Then we got down with the treatment proper where the fully-clothed “patient” would either be on your front or back. Having read it up a little, I was already changed in my loose-fitting running apparel. As mentioned above, the issues encountered by people usually originate from other areas of the body. After evaluating the positioning and range of motion of my body, Lorna started with my upper before moving down to the lower back. Now, to the uninitiated like myself then, the first experience was a little underwhelming. After explaining what she’d be doing and how I could be feeling (ranging from tingling sensation to warmness, to involuntary twitching), Lorna pluck at certain fascia in a certain order with several intervals in between. She would leave the treatment room to go to the next one to attend to the other “patient” before coming back. These leaving and returning to the treatment room wasn’t because she was multi-tasking (well, she could’ve been) but it was to allow the body time to accept, process and respond to the stimulus – a signature of the Bowen modality to get the body to start healing itself. All the procedure were done in a precise manner and extremely gentle. Lorna explained that it’s counter-productive to further impose on tissues that are already stressed or hurt.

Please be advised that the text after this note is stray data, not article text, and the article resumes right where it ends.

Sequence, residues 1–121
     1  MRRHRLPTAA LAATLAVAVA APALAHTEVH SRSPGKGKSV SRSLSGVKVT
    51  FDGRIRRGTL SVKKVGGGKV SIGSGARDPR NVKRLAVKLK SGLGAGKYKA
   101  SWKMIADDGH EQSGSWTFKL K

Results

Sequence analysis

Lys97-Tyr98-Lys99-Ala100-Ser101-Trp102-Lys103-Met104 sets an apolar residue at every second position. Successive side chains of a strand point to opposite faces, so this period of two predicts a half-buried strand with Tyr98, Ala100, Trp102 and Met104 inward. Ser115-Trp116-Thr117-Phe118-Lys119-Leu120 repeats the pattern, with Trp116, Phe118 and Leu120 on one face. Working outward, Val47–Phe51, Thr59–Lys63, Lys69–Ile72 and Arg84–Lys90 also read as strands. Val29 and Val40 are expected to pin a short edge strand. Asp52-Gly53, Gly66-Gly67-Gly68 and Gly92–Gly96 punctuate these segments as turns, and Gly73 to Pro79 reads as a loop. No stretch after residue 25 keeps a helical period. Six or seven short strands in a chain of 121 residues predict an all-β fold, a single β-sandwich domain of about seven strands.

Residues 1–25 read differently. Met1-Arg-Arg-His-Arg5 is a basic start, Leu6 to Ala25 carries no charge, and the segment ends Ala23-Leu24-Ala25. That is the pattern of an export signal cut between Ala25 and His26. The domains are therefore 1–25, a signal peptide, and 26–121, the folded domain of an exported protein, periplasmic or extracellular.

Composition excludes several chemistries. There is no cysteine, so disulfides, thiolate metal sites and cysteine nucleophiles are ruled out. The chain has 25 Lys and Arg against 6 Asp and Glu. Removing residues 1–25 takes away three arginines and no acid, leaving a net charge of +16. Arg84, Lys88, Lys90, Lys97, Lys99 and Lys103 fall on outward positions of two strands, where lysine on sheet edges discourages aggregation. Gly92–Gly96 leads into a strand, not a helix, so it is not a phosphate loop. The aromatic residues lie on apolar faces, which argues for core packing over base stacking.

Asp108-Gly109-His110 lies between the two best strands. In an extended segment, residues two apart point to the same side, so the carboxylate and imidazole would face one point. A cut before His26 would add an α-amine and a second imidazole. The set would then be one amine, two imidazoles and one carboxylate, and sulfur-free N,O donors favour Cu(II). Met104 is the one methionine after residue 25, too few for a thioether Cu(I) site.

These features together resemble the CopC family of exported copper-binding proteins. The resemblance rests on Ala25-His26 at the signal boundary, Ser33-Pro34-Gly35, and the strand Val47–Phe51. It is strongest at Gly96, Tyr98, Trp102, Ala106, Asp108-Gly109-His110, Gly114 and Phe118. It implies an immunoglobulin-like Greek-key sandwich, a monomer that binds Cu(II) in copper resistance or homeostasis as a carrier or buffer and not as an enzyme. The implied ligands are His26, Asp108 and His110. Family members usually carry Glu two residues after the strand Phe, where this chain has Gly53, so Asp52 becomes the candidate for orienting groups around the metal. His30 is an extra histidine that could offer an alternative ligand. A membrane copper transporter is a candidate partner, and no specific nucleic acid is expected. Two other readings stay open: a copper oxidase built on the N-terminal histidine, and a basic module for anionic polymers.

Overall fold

I didn’t feel any tingling or twitching but I did have a mild headache when the shoulders and trapezoids were treated. The astonishing thing was that at the end of the 25-minute session, my toes were no longer pointed outwards but straight up. This was on top of the overall relaxed feeling that overcame me. Unlike a typical massage session, this was achieved in a painless and gentle manner. Before leaving, Lorna gave me a simple stretching routine to be done every morning.
The persistent PF pain appeared to ease up in intensity and frequency following the session but I returned to running only 2 days after, which was a short 4K. I started off at an easy pace, consciously trying to detect any difference in my running. As the run progressed, the expected pain and discomfort didn’t surface and the most apparent difference was the freer movements of the hips – higher knee lifts, stronger push offs, back-kicks. I felt that my form was better and I just felt stronger. By the time I hit the final K, I was already at sub-5 minute pace. Data collected by the footpod also showed an increase in stride length, so it wasn’t only a perceived improvement but data-backed. I felt like a different runner! Sure, my fitness level was short but I was running pain-free throughout and couldn’t wait for the second session which was set 5 days after the first one.